The Karma Flip

| Wednesday, May 29, 2013
People don't like being misled.  Except when it's part of a mystery or thriller or the surprise twist ending, that sort of thing.  But that's beside the point, which is that people don't like being misled.  Shouldn't misleading people therefore count as a villainous action in games that feature karma meters?

There is lying, of course.  [Speech check] is available at times.  Yet it's rarely more than a single event.  Someone's son died and you lie and say they ran away from home.  And that's it.  It's petty villainy.  It's on par with shooting their dog on the way out.  It shows that you're bad, but it's not quite evil.

What we need is truly evil misleading.  What we need is the Karma Flip.  What is that, you ask?  Well obviously I'm going to explain it.

It's one thing to be an outside enemy.  The other soldier is your enemy, but he's polite enough to wear a uniform and sometimes there's a ceasefire and you have tea together.  He's the visible enemy.  You might not know he's coming, but you know he exists and means you harm.  It's comforting when you know who you have to shoot to make the world a better place, or at least to make the world a place with fewer people trying to kill you.

Then there are the spies, the traitors, the double agents.  They're worrisome.  You suspect they exist, but you're not sure where.  Or who.  They wear uniforms, but often they are your own.  They may even appear to be friends.  These are the people that you don't shoot because that's too quick.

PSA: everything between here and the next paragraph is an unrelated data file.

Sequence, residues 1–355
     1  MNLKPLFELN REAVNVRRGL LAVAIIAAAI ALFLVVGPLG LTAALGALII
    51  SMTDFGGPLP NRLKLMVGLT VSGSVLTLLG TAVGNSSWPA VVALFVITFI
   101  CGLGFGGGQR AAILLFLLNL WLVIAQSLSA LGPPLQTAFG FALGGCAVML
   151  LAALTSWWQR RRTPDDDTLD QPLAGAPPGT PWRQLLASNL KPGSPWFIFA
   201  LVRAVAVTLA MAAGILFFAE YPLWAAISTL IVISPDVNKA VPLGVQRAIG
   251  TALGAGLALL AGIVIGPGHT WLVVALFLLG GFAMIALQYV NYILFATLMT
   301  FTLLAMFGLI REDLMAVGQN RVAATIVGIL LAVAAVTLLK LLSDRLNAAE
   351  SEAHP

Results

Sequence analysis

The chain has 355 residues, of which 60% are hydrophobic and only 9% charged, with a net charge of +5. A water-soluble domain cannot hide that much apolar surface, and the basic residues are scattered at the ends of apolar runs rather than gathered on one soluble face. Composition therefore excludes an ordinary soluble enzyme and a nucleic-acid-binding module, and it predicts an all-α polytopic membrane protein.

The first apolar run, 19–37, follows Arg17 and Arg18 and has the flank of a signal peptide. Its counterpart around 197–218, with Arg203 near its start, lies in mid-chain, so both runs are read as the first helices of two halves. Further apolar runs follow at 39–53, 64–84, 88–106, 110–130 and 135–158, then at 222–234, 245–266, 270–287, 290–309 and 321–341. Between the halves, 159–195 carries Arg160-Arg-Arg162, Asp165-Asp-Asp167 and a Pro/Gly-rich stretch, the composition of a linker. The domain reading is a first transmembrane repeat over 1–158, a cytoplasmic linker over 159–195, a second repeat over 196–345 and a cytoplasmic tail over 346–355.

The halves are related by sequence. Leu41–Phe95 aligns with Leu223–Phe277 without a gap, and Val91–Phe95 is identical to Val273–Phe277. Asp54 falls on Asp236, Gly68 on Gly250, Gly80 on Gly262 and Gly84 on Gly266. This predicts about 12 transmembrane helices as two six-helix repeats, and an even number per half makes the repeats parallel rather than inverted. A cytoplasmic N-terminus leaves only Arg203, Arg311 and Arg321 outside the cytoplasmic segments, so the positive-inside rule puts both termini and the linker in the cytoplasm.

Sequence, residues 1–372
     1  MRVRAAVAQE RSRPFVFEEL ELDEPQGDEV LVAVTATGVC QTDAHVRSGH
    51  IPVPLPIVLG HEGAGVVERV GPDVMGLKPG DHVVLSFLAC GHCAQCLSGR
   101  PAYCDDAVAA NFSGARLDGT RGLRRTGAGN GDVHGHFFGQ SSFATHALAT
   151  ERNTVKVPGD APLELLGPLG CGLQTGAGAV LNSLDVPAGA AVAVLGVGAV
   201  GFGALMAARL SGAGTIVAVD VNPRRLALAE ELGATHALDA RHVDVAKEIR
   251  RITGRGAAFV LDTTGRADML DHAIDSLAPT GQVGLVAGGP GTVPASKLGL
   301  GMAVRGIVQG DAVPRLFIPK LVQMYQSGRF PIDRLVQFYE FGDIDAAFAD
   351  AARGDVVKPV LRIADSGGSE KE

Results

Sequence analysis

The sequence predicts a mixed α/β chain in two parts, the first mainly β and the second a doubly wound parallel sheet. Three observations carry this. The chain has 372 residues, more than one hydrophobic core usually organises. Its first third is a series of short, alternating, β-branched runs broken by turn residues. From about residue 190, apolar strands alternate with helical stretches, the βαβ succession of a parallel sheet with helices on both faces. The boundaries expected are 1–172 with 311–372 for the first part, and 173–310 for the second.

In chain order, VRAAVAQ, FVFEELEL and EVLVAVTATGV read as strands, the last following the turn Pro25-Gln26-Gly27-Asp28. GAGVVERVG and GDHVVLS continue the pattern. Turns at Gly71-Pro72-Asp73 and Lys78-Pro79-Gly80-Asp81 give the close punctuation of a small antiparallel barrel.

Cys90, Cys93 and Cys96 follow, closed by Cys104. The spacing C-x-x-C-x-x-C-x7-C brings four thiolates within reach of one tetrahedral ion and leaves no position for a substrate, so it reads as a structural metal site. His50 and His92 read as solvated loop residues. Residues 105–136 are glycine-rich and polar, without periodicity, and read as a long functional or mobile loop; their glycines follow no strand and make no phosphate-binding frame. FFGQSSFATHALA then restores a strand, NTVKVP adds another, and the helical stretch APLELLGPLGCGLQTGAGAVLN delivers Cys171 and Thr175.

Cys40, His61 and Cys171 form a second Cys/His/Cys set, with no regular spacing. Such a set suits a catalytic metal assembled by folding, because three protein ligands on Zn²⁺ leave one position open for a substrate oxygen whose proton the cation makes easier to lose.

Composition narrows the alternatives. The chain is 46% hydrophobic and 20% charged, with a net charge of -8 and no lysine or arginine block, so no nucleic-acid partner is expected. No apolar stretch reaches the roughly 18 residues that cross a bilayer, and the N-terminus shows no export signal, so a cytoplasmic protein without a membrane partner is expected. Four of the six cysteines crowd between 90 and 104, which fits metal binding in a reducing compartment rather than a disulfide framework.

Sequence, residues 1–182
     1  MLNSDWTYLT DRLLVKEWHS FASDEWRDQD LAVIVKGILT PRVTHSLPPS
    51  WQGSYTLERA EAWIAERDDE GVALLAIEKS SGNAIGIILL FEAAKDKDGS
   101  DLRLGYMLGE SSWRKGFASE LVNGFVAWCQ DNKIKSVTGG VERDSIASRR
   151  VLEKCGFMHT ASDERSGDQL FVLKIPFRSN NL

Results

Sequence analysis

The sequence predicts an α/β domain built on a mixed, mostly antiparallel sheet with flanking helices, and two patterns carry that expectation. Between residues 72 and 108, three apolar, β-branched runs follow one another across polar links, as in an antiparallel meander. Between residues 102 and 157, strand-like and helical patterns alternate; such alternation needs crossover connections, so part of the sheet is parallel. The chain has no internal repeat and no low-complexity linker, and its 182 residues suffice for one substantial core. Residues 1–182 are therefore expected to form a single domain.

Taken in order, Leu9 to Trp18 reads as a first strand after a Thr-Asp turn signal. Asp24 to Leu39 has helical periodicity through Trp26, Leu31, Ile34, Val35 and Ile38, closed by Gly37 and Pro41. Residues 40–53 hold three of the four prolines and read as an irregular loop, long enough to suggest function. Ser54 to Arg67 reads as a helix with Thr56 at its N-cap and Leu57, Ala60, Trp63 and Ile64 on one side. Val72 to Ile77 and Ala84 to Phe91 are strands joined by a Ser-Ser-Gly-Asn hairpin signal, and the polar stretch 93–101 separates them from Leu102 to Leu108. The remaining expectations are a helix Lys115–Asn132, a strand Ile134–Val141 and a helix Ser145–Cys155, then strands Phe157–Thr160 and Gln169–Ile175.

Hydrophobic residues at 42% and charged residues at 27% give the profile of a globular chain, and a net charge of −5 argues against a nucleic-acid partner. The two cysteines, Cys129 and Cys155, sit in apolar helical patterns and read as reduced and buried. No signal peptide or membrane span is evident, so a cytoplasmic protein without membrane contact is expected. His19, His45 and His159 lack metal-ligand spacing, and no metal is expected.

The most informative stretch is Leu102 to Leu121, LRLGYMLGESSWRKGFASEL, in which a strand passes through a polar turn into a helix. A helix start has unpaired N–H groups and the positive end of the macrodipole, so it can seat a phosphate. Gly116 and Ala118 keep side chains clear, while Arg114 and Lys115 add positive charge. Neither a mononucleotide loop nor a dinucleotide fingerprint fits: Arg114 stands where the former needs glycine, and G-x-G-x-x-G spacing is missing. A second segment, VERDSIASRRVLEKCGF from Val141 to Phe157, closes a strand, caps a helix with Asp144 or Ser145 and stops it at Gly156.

For these spies and traitors, every kind deed leading up to the betrayal is no longer a kind deed.  Rather, it is the opposite: it is the deception that allowed the betrayal.  From the post-betrayal perspective, the kitten you petted wasn't you being nice, rather it was you pretending to be nice.  And for all we know you put poison in its fur to kill the next person to pet the kitten.

That's the Karma Flip: the post-reveal reinterpretation of previous positive karma actions.  With this mechanic the karmic effects are not purely additive.  Saving an orphan may give positive karma, but that doesn't negate your decision to plant a bomb in an orphanage.  Instead, the orphan-saving is now a villainous action, part of your evil plan to infiltrate the orphanage.

Conversely, what seemed to be bad actions may be slightly negated by the revelation of goodness.  Maybe you stole that bottle of water (a capital offense in many games), but you gave it to a dying orphan.  Or maybe a child's parents so he'd not become an orphan.  Maybe you insulted your guests to escape a party, but you were the only one who knew and could stop the truly evil plot to release the insane prisoners while showering the city in fear gas.  Of course in that last example it's of no help, because Batman is a hero while Bruce Wayne is just a douchebag who makes fun of Batman.


Post a Comment

Comments in posts older than 21 days will be moderated to prevent spam. Comments in posts younger than 21 days will be checked for ID.

Powered by Blogger.